Monday, May 23, 2011

The Fedora 15 Robotics Suite

With Fedora 15's release imminent, I'd like to take the time to talk about the Fedora Robotics Suite.  As some of you may have noticed, the Fedora Robotics Suite is a new feature for Fedora 15 and it is already showing up as a bullet point in many reviews of the Fedora 15 alpha and beta releases.  In an effort to elevate this feature past 'neat-sounding bullet point,' I'll do my best to explain the motivations behind the feature and give a preview of what's in store for future Fedora releases.

What is it?
The Fedora 15 release notes have this to say about the Robotics Suite:
Fedora 15 now includes the Robotics Suite, a collection of packages that provides a usable out-of-the-box robotics development and simulation environment. This ever-growing suite features up-to-date robotics frameworks, simulation environments, utility libraries, and device support, and consolidates them into an easy-to-install package group. Visit http://fedoraproject.org/wiki/Robotics for more details.
In a nutshell, the Fedora Robotics SIG has been working hard over the past few releases to create a fast and easy way to dive into robotics development, for newbies and seasoned developers alike.  The first visible result of this effort is the Fedora Robotics Suite, a package group that brings together many different robotics related libraries to make it as easy as possible for developers to use Fedora in their robotics projects.

Why is the suite needed?
The open-source robotics scene is diverse, consisting of vast amounts of independent libraries and frameworks that can be used for all kinds of robotics tasks.  Unfortunately, the robotics develpment community is small enough that even some of the largest and most well-known software packages are still "niche" packages in the scope of a large Linux distribution, often with only a handful of developers upstream. These factors add up to several problems that the Robotics Suite aims to alleviate:
  • Software is difficult to configure and install.  This is mostly a problem for users who aren't familiar with Linux development and are diving in headfirst.  A short visit to many small projects' mailing lists can tell you: if the configuration and installation process for a software component is complex, or the process isn't well documented, new users can be put off by the hurdle of getting their software environment set up, long before any development can take place.  Our goal is to streamline the process by doing the hard work for you in the context of robotics-related software.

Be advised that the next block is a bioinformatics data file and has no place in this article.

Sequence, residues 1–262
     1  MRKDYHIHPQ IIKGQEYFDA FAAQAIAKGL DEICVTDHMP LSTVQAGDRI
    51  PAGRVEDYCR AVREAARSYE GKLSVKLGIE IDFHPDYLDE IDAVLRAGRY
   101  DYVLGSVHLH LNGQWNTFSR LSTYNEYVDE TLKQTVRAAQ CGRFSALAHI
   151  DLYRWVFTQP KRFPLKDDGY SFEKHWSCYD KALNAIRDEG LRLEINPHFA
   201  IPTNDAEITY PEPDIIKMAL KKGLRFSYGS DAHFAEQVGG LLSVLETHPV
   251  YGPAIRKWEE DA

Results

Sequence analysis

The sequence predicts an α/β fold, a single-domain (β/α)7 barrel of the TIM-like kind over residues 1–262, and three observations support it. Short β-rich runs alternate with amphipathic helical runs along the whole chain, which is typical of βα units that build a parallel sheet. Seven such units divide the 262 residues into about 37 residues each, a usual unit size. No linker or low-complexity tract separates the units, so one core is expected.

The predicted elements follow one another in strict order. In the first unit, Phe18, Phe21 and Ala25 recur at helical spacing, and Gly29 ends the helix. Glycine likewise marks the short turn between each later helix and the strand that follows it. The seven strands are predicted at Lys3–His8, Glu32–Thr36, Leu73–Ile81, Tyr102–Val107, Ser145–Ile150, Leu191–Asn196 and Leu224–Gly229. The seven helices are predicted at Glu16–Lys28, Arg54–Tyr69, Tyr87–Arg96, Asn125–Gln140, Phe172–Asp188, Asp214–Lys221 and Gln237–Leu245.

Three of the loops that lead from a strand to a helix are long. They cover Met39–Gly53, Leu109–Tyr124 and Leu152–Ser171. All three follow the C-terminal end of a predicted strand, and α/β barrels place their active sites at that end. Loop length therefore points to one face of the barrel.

• Software has too many dependencies.  Many robotics-related programs have critical dependencies on small or fledgling libraries that otherwise have little use to the Linux community in general.  For example, the Point Cloud Library (currently under review) depends on the cminpack, flann, and eigen3 libraries.  We want to make sure all of these are available with Fedora to spare the users the time-consuming process of finding, building, troubleshooting, and installing all of these small dependencies.
  • Software doesn't build properly with Fedora's system libraries.  Fedora leads the way in software versions with the latest and greatest packages from upstream.  Often, developers of smaller libraries are only testing their packages against the set of libraries on their own machine, and may be oblivious to build errors resulting from newer system libraries.  The Robotics SIG encounters these errors during packaging and updates and works with upstream to correct the issues.
Basically we want to extend the benefits of pre-packaged software to the robotics community, and in the process make Fedora the distribution of choice for robotics developers.
    What's in the suite?
    As noted at http://fedoraproject.org/wiki/Robotics, the Robotics Suite currently includes several large-scale robotics frameworks and simulators, including Fawkes, Player, Stage, and the RoboCup Soccer Simulator.  The Robotics Suite also consists of many specialized libraries like libphidget and libkni that interact with sensors and actuators, libraries like mrpt and openni that implement specialized algorithms for things like motion planning and image processing, and IDEs like Eclipse and Arduino to make code development easier.


    What's next?
    The Robotics Suite is a big milestone for the Robotics SIG, but we've got plenty of grand plans for future Fedora releases.  We'd like to create an official Robotics Spin for future releases to make it even easier to sample and use the Robotics Suite, in the home or the classroom, without having to go through the whole install process.  We are also sponsoring a Google Summer of Code student to create educational robotics software for new users that takes advantage of the packages available in the Robotics Suite.  Finally, we're always hard at work packaging new and interesting robotics-related software for the Fedora community.

    4 comments:

    1. Any plans to integrate ROS (www.ros.org)? It would be really nice if Fedora would come with ready to use ROS packages.

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    2. Not any time soon. The way ROS is built makes it almost impossible to package in accordance with Fedora's packaging guidelines.

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    3. Thats right my dear friend @rich , Maybe someday fedora will be redy for been use as ros package.

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